On the faction panel you are given an indication of your generals gravitas and which family he belongs to. However, regardless of what we tried, the “other families” would often have a greater gravitas, in spite of our attempts to adopt generals, marry them to our lovely daughters or spread rumours. These often seemed to have the opposite effect and by bringing more generals and more power into his family Adam’s Spartans ended up in a civil war, seemingly out of nowhere, whilst I have largely ignored the competing elders, and suffered no ill effects. With over 70 hours of combined campaign time, neither of us understands how this works.
A few of the changes feel borrowed or inspired from other games, like Civilization 5, but at the same time also work as a natural evolution of the Total War formula. Diplomacy, as an example, now features detailed information about which of your actions have what quantifiable affect on your relations with other factions, though it can still feel somewhat arbitrary.
What Rome II does well is draw you into conflicts and styles of play befitting of your faction. Whilst my personal inclination with the Germanic Suebi was to occupy and pacify the Celts, the game hands out nice monetary rewards for sacking or razing cities, engaging in a certain number of wars or against particular factions. As you complete these chapter objectives, it gently pushes you on your way towards total domination, and going up against the factions which will pose you the greatest challenge.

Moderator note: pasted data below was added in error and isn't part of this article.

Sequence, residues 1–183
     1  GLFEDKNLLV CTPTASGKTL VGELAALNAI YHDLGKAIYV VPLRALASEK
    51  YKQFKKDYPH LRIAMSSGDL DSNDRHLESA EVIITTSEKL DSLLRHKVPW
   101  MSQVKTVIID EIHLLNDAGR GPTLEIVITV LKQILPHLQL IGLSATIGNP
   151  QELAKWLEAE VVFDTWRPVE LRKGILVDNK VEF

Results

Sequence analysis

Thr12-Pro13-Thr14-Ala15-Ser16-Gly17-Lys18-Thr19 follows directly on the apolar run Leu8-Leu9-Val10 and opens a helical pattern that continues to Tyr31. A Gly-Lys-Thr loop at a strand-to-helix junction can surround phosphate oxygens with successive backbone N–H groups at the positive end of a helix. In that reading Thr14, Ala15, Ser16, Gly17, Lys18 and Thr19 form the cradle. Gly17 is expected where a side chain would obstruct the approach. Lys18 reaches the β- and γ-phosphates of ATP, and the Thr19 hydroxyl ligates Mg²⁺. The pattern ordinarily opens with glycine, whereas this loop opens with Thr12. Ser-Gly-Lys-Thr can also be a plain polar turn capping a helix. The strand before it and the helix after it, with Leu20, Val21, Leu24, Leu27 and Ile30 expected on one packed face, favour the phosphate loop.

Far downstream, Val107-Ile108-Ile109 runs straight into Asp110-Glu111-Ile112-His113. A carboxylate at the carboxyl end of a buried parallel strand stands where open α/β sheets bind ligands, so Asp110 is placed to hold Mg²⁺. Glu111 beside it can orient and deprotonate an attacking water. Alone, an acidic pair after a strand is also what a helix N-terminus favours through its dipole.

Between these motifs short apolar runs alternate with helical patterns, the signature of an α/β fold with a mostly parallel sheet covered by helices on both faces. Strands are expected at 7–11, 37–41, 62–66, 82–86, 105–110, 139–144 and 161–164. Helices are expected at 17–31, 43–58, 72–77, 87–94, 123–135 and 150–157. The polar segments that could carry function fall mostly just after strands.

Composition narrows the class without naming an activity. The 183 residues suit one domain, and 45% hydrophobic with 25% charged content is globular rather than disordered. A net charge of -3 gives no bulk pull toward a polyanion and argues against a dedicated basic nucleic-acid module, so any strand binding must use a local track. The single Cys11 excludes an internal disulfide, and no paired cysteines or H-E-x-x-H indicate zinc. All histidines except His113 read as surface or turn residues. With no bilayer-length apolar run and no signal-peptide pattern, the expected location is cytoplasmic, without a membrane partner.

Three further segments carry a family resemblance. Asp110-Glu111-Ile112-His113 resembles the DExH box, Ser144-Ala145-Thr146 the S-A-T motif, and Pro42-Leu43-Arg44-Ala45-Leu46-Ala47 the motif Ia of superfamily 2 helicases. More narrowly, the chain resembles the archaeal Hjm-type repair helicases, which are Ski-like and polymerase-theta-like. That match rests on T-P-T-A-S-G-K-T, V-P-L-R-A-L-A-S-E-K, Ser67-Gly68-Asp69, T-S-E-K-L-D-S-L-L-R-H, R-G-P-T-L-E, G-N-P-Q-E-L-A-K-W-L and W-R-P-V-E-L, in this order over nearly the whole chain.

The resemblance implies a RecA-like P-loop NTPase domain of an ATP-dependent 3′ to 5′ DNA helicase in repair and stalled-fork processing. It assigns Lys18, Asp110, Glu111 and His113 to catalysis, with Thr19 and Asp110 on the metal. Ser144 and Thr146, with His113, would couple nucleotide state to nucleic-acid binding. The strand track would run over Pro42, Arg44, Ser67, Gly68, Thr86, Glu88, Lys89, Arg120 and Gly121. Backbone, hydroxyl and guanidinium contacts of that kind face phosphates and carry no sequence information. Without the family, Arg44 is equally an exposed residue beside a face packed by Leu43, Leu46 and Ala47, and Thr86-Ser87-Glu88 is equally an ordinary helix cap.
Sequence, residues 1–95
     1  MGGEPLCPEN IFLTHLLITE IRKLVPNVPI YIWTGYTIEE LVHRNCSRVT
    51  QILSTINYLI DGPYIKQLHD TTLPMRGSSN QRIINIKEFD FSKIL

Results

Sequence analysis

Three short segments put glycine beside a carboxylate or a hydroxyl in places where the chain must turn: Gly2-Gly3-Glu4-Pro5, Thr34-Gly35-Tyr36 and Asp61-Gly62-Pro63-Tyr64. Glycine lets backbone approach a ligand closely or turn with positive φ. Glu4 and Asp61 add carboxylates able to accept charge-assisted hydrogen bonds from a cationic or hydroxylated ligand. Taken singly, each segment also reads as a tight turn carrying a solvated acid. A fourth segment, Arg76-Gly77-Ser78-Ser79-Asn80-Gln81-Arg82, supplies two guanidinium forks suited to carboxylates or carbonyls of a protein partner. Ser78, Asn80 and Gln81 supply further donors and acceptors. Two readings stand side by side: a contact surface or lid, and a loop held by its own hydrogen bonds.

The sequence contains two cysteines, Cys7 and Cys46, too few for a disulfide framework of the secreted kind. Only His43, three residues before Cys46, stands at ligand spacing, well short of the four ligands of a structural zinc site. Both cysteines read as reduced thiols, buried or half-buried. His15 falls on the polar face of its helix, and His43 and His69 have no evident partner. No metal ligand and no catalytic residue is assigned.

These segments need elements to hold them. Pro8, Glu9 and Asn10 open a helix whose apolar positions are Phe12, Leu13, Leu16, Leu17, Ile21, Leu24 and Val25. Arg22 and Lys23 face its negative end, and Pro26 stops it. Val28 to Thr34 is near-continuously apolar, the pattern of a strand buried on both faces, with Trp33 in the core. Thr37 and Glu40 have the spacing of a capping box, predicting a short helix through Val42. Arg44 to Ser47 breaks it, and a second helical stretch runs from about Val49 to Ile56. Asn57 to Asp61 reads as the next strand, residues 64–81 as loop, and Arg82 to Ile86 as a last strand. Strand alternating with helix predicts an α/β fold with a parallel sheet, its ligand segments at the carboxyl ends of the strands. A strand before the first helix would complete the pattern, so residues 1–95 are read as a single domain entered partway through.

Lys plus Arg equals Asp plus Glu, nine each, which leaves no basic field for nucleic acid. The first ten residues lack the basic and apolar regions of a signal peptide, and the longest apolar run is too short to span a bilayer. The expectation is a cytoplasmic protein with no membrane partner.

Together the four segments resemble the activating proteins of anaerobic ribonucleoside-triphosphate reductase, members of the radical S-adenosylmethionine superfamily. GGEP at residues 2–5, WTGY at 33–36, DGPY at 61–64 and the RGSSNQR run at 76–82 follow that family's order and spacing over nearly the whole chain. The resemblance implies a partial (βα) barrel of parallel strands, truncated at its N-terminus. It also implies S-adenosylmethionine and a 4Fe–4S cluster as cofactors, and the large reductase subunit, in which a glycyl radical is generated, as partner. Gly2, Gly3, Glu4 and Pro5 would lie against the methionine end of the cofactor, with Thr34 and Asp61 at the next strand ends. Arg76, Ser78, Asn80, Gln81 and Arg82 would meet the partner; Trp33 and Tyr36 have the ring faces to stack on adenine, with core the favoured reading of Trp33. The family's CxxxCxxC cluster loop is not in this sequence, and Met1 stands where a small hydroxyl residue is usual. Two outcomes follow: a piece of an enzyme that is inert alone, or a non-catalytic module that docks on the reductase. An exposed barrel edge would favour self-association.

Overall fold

These all lead towards another deviation from the traditional Total War formula, with the new Economic and Cultural winning conditions. These aren’t quite as idyllic as they might sound, and there will still be a heavy dose of warring inevitably in the mix. Instead of needing to dominate practically the entire map, you can cultivate a few more alliances and trading partnerships, as well as coming to control key regions and influence, checking off the ultimate objectives on your way to a victory.
Rome II is a particularly ambitious overhaul of the Total War franchise. It streamlines and touches upon almost every aspect of the turn-based campaign, whilst broadening the scope to include distinct biomes and many contrasting cultures for you to clash with. It is without a doubt the most comprehensive Total War game, and one which has modernised the game’s mechanics. However, with such a big shift, it has brought with it a few elements which don’t feel fully developed or polished, and these do detract and confuse the otherwise excellent experience.
Score: VIII de X
This review is an amalgam of the thoughts, opinions and even words of both myself and Adam (AG2297), but we’re far from done with the game, and will be revisiting it over the course of the next few weeks to share more of our experiences with it.